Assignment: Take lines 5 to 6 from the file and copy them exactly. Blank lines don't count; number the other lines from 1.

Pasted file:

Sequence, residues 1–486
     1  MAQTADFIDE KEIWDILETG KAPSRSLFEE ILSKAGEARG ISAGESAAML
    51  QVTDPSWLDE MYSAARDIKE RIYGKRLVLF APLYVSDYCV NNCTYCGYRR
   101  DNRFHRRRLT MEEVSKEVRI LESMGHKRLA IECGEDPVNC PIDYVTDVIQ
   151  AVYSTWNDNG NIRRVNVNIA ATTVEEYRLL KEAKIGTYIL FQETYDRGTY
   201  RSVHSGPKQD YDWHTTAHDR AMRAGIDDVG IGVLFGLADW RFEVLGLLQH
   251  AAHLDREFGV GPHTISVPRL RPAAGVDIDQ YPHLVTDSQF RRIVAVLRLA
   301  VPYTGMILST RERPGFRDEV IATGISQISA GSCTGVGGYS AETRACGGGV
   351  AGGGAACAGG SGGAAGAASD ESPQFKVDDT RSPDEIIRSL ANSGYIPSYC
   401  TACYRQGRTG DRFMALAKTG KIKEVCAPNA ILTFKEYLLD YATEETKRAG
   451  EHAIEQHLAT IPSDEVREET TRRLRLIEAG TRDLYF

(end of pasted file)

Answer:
   151  AVYSTWNDNG NIRRVNVNIA ATTVEEYRLL KEAKIGTYIL FQETYDRGTY
   201  RSVHSGPKQD YDWHTTAHDR AMRAGIDDVG IGVLFGLADW RFEVLGLLQH